‘Look, you’ve always wanted to play the piano, right?’ Amy said. ‘It always come first. Even when we were little – you weren’t allowed to come out and play until you had finished with your practice, remember?’
Gosh, I had forgotten all about that. I couldn’t remember if I had days when I wished that I was out playing instead of being seated at the piano, though. I wondered what happened if that had been the case – did I throw tantrums? Did I have days when I hated the piano?
‘But no matter what you love doing, there will come a time or even several periods of time when you’ll question it. It’s natural. It’s part of the process. Don’t think it means you’ve made the wrong choice,’ Amy counselled.
Her calm voice helped. Slightly more relaxed, I even managed to laugh at myself and my DJ-ing attempts. What I couldn’t understand was how one could enjoy something so much yet be so rubbish at it. It didn’t make sense. I loved the piano, but I was also very good at it. The DJ-ing was a paradox. Once again, though, Amy put things into perspective, reminding me that it took many years of playing the piano to reach the level I was at. I couldn’t just expect to start DJ-ing like a pro on my first night. She had a point.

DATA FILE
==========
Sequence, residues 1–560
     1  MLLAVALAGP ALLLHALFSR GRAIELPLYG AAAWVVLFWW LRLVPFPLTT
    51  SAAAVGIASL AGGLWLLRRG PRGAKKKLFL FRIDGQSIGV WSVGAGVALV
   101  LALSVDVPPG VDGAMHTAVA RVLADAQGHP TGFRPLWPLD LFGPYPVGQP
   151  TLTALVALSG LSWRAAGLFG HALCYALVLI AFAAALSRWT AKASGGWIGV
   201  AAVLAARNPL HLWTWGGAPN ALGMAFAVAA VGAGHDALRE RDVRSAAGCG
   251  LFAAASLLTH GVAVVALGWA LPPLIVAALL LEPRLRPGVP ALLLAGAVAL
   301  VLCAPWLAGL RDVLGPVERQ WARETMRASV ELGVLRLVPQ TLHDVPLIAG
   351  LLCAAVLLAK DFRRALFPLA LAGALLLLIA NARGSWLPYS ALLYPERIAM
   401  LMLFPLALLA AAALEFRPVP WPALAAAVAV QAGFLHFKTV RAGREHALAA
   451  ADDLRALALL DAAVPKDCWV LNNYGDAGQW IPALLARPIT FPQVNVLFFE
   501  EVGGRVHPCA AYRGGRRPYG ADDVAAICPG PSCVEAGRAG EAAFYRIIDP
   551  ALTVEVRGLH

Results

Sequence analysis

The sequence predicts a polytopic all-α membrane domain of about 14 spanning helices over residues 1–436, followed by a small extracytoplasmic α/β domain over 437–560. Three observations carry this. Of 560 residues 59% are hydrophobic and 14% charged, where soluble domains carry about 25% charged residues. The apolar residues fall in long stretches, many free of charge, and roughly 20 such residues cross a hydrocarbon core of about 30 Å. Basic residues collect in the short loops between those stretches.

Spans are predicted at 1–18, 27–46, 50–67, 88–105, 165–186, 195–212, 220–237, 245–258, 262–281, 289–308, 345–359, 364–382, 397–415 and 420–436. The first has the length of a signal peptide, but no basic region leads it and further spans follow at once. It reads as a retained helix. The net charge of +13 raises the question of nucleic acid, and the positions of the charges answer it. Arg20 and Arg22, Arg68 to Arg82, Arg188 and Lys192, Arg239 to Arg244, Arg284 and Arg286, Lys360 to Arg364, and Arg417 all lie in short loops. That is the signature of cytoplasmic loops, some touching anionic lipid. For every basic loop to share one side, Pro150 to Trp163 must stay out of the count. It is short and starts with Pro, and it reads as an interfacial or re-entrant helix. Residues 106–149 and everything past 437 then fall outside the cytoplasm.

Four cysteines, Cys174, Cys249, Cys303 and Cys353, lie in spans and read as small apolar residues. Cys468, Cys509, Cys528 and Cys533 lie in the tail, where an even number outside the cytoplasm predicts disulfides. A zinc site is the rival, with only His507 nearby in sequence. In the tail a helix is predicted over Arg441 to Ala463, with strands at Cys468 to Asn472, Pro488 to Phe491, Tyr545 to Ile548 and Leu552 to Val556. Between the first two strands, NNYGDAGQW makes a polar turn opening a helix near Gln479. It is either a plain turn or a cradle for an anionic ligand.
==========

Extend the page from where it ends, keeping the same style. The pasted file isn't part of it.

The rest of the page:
‘Why not just treat it as a hobby?’ she suggested. That way, it wouldn’t how good or bad I was, only that I was doing something that was enjoyable. Plus, she pointed out, it would also give me musical versatility. It was all true, I mused.
Just then my mobile rang again, showing the same number. Toby was being very persistent.
‘Is it him?’ Amy asked.
‘It doesn’t matter,’ I said, letting it ring.
‘Oh go on, don’t be silly. Answer it!’ Amy urged me, but I was very reluctant.
‘We didn’t have a fight, but we left things on a bit of an awkward note…’ I tried to explain, while the ring tone kept on.
Finally, Amy snatched the phone off me and pressed the answer button, then handed it quickly back to me. I had no choice but to speak to him now. It turned out that Toby hadn’t called to badger me over the gig. He had a very different proposal for me. One I couldn’t refuse.